Last week, Mayor Bloomberg, NYPD Commissioner Ray Kelly and Manhattan District Attorney Cy Vance announced the indictments of 16 defendants allegedly involved in illegal gun trafficking.
Said Vance, in a written statement:
There have been 127 shooting incidents this year in Manhattan, with 152 victims. Nineteen of those victims were shot to death.
Fortunately, shootings are down in the city and murder is down 18 percent. We are on track to establish a new record low this year. We’ve accomplished this through proactive policing strategies like Operation Impact. Through Operation Crew Cut — aimed at loosely affiliated groups like those selling guns in this case — we hope to make the city even safer.
“One of the reasons New York is the safest big city in the nation is because we employ every tool available to us — including legislation, litigation and enforcement — to take illegal guns off our streets,” said Bloomberg.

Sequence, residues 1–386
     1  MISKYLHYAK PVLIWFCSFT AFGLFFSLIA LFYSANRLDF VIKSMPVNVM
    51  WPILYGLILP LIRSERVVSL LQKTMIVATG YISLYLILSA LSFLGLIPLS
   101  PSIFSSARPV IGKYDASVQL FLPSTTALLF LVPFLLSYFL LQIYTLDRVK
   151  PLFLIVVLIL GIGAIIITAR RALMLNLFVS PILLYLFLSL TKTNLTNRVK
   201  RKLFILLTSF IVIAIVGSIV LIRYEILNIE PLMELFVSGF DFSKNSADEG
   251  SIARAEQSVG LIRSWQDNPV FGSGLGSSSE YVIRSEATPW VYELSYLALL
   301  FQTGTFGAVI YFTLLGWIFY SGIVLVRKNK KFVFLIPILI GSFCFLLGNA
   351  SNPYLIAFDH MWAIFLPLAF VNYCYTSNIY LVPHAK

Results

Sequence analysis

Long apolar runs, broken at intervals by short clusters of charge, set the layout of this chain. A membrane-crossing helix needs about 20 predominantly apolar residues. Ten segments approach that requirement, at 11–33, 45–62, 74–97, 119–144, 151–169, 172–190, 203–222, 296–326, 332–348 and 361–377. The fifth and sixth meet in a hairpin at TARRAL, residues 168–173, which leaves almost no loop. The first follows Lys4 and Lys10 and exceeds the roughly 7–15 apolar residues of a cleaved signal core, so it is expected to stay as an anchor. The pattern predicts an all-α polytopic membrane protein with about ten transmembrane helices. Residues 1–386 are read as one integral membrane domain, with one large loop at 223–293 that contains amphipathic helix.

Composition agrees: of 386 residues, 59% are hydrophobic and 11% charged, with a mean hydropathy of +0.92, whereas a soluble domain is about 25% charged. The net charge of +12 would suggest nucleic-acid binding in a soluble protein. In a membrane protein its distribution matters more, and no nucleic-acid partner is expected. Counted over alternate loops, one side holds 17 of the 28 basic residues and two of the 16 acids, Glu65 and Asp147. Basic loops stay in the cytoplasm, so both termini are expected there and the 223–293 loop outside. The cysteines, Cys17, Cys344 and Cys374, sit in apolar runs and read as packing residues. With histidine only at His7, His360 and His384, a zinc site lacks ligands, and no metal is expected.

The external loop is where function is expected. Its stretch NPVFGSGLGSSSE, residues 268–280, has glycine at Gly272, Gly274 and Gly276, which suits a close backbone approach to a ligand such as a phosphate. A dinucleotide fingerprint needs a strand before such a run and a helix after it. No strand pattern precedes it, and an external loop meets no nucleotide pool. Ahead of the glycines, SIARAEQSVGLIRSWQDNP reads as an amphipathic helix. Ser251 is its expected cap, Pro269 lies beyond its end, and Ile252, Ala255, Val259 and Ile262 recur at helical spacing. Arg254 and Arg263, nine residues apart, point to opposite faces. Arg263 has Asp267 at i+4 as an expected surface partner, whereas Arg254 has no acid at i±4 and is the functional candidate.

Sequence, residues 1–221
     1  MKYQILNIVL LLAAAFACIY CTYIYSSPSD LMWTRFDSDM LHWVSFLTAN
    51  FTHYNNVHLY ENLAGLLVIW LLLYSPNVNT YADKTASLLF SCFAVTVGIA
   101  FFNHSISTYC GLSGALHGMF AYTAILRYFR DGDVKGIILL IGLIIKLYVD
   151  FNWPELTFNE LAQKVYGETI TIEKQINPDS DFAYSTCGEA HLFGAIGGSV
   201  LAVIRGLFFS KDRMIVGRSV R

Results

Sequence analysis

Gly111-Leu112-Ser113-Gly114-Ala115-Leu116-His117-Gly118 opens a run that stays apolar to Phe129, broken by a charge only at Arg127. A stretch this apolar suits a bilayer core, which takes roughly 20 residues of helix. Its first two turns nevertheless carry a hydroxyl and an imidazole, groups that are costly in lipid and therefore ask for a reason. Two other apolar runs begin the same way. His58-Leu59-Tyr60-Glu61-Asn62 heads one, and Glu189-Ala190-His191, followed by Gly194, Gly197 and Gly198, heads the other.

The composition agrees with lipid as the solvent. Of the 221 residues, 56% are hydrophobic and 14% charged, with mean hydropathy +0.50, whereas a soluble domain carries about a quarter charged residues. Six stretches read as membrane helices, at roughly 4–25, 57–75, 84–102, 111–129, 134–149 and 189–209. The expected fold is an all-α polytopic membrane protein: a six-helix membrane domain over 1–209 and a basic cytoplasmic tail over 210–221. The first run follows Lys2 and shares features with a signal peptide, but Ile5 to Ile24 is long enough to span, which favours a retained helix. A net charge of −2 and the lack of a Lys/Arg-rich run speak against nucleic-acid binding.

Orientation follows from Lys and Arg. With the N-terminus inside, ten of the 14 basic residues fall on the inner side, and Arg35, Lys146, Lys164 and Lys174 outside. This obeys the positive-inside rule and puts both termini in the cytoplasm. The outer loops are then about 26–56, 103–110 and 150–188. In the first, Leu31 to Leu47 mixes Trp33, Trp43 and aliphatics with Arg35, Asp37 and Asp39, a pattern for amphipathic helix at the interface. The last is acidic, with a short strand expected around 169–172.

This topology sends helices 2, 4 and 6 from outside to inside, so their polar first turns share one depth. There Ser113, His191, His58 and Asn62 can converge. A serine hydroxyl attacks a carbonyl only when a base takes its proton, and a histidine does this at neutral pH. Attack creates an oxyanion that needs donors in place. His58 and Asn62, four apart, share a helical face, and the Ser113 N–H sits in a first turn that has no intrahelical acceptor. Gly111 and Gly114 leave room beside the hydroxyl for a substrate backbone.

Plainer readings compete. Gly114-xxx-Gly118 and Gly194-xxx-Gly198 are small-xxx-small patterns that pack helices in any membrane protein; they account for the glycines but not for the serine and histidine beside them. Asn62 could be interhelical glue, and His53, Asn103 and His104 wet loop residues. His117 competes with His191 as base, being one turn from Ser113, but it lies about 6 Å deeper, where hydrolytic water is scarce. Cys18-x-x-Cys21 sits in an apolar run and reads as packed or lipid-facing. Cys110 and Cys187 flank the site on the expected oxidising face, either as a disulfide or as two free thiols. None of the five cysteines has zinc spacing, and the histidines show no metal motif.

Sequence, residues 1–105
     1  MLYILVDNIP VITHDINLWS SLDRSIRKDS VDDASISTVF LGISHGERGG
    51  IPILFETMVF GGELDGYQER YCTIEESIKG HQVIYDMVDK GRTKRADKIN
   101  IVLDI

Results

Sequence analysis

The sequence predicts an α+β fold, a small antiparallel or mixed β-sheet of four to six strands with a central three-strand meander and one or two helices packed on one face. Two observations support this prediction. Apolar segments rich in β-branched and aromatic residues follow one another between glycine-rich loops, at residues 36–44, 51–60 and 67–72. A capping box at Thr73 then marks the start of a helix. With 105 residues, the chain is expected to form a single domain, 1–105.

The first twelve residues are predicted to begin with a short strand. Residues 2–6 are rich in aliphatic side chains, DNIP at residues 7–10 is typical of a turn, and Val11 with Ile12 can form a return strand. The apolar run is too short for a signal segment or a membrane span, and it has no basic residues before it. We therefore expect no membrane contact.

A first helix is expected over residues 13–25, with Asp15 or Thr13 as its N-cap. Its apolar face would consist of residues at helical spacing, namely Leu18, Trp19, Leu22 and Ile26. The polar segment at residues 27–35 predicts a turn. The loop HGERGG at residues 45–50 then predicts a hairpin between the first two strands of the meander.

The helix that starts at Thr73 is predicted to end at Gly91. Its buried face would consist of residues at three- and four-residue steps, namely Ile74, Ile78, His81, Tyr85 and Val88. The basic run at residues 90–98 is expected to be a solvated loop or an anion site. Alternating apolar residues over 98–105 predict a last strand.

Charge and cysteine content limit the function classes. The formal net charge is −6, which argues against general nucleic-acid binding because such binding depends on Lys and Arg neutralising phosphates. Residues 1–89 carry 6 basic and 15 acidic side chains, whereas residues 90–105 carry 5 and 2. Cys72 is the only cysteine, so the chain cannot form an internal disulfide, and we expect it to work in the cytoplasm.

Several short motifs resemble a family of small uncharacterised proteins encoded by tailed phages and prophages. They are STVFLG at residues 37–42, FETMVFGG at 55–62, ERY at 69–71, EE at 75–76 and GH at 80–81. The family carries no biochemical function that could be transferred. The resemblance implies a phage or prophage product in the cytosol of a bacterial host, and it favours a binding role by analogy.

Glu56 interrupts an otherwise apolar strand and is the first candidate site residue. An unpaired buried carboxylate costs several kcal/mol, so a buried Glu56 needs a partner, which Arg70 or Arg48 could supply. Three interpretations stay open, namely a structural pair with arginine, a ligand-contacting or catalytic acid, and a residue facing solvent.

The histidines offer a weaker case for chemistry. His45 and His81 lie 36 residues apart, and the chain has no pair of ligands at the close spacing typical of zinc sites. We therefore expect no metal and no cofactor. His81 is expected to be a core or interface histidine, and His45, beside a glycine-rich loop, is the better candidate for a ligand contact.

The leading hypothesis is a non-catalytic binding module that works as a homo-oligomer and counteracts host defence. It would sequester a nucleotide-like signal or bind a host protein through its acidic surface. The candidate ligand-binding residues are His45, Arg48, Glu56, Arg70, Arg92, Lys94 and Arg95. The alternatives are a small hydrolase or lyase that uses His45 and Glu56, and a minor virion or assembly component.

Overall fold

The same can not be said of illegal and careless driving. While gun violence is down in the city, traffic fatalities spiked in the last fiscal year. In Manhattan, 26 pedestrians and cyclists were killed in collisions with motor vehicles from January through August, according to NYPD data compiled by Streetsblog, and 2,664 were injured.
Through August of this year, someone died in New York City traffic about every 30 hours, on average, and an injury occurred every 14 seconds. There is no concerted effort between city prosecutors and NYPD to get those numbers down, or to ensure that victims get justice. To the contrary, few crashes are even investigated.
Imagine a photo op to tout 2,664 gun-related injuries, or a citywide gun crimes investigation unit comprised of just 19 officers, like the NYPD Accident Investigation Squad.
Until police and electeds treat vehicular violence as seriously as other public health threats, traffic casualties will be the asterisk at the bottom of every self-congratulatory law enforcement press release.